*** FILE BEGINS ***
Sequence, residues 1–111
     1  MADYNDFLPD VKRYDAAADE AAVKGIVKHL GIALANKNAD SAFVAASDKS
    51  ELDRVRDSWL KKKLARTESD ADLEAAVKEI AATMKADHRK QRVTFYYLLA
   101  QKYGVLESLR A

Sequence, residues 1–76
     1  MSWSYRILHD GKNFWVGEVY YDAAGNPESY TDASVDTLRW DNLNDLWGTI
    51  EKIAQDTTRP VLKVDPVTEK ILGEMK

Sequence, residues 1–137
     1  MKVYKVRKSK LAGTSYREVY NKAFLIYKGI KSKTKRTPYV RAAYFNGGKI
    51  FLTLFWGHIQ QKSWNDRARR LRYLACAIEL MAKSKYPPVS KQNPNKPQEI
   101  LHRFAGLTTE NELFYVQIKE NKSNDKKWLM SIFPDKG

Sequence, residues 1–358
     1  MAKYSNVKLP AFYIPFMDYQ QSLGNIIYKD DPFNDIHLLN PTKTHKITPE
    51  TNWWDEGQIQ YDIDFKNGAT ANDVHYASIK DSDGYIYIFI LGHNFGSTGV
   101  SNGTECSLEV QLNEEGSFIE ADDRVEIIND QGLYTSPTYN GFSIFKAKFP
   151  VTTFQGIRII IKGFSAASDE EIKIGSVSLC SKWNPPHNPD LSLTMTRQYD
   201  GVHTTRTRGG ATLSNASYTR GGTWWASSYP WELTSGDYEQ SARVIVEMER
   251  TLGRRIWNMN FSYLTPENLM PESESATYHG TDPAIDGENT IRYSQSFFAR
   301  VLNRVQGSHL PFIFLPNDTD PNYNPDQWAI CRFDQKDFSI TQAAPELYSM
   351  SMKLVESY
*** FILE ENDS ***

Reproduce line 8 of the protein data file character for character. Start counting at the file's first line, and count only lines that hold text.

Sequence, residues 1–137